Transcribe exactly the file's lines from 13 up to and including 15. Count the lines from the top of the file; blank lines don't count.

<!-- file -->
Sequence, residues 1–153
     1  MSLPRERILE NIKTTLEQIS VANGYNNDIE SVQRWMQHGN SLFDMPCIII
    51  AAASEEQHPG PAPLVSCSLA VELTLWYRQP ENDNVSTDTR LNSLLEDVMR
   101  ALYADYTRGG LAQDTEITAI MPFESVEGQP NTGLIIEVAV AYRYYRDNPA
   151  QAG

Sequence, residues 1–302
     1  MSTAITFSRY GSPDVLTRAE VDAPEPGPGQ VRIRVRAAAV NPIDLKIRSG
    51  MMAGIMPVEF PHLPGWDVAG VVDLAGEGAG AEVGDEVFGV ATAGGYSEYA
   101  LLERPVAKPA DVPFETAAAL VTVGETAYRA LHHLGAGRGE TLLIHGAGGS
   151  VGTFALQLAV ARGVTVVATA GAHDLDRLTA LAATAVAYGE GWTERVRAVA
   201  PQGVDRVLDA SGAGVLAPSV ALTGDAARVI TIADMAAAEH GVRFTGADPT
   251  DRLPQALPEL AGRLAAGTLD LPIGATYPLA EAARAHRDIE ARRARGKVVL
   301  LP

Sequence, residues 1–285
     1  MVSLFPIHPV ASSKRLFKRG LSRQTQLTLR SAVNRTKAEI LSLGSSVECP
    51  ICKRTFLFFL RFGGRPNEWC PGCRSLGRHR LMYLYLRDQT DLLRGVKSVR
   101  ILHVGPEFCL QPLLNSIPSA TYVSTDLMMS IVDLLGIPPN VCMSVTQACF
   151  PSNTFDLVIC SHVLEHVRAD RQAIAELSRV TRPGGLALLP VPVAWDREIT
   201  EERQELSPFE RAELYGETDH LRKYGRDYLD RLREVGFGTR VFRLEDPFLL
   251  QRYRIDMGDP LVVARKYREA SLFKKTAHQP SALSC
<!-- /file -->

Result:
   301  LP

Sequence, residues 1–285
     1  MVSLFPIHPV ASSKRLFKRG LSRQTQLTLR SAVNRTKAEI LSLGSSVECP